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International funding for HIV/AIDS interventions has played a major role in the massive NGO growth Malawi has experienced since its democratic transition in the mid-1990s (Morfit 2010). Foreign funders channel funding towards 'civil society organisations' based on a neo-liberal logic that 'empowering' communities will ensure that initiatives 'really take root' and therefore eventually can continue without donor funding. But what if these organisations are primarily formed for the purpose of accessing donor funds? And what if the organisations that are most 'successful' are those who are best at maintaining and attracting new donor funding? Despite this contradiction, various actors in the HIV/AIDS field continuously invoke the doctrine of sustainability (Swidler & Watkins) as the remedy for problems such as 'donor dependency' and 'high turn-over' among volunteers. Based on five months ethnographic research with organisations providing help to "Orphans and Vulnerable Children" in Malawi, this paper discusses how donors, international and local NGOs, and CBOs all participate in keeping alive 'the fiction of sustainability', each for their different reasons. Rather than overt resistance to the power of international donors, the processes I discuss reflect how actors from their different positions become skilled in using established policy models and available resources for their own ends.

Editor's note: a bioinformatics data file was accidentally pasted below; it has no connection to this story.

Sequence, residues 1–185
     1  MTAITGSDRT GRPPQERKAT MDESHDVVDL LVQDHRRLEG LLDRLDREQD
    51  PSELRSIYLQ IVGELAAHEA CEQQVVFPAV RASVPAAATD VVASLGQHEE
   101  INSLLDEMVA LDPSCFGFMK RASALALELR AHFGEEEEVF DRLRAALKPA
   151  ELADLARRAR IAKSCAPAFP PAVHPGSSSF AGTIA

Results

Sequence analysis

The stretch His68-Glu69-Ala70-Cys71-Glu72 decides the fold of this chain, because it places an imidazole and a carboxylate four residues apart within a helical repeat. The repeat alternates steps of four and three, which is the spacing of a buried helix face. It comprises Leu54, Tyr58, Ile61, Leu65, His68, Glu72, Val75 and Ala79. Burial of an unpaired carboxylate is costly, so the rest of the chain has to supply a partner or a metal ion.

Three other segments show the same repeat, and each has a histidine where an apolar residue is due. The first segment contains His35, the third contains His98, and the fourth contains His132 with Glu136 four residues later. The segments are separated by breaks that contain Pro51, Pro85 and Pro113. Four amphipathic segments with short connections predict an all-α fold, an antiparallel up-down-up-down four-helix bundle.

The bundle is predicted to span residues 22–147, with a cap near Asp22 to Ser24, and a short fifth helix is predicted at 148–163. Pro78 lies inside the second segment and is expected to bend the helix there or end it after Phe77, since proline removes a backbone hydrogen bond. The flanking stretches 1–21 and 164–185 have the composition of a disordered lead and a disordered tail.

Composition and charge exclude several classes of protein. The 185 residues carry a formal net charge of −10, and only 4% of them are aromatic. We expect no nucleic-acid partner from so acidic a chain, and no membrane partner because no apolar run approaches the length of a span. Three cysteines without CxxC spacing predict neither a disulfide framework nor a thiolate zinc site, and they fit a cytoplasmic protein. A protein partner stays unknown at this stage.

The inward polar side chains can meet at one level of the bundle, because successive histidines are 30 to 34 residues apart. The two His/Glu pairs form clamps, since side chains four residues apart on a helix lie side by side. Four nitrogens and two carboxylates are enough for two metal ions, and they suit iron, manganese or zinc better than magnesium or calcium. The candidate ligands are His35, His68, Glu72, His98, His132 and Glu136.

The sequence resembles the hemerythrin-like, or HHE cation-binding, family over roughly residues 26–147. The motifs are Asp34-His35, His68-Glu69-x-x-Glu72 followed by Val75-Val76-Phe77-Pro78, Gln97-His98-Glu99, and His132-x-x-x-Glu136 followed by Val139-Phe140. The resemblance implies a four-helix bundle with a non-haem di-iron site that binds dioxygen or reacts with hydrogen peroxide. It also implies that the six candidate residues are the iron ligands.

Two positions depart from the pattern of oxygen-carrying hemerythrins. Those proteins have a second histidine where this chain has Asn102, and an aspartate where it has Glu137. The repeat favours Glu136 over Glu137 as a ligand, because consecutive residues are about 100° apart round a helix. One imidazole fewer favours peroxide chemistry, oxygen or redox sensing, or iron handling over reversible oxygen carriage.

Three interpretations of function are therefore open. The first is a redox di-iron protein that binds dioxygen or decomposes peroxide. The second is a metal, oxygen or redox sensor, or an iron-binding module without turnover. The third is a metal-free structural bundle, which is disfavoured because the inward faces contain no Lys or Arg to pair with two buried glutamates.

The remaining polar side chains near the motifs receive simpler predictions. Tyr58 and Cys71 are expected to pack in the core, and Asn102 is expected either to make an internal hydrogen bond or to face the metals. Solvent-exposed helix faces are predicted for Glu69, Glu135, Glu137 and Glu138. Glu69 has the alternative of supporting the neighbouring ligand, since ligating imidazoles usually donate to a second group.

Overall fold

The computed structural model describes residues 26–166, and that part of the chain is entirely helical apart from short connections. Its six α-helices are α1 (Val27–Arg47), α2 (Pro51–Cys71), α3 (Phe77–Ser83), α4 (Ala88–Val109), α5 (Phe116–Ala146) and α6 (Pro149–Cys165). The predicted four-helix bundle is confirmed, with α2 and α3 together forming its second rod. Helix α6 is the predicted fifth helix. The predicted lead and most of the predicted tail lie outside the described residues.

|Publikationsdato||27 jun. 2013|
|Status||Udgivet - 27 jun. 2013|
|Begivenhed||5th European Conference on African Studies (ECAS): African dynamics in a multipolar world - Lisbon, Portugal|
Varighed: 27 jun. 2013 → 29 jun. 2013
|Konference||5th European Conference on African Studies (ECAS)|
|Periode||27/06/2013 → 29/06/2013|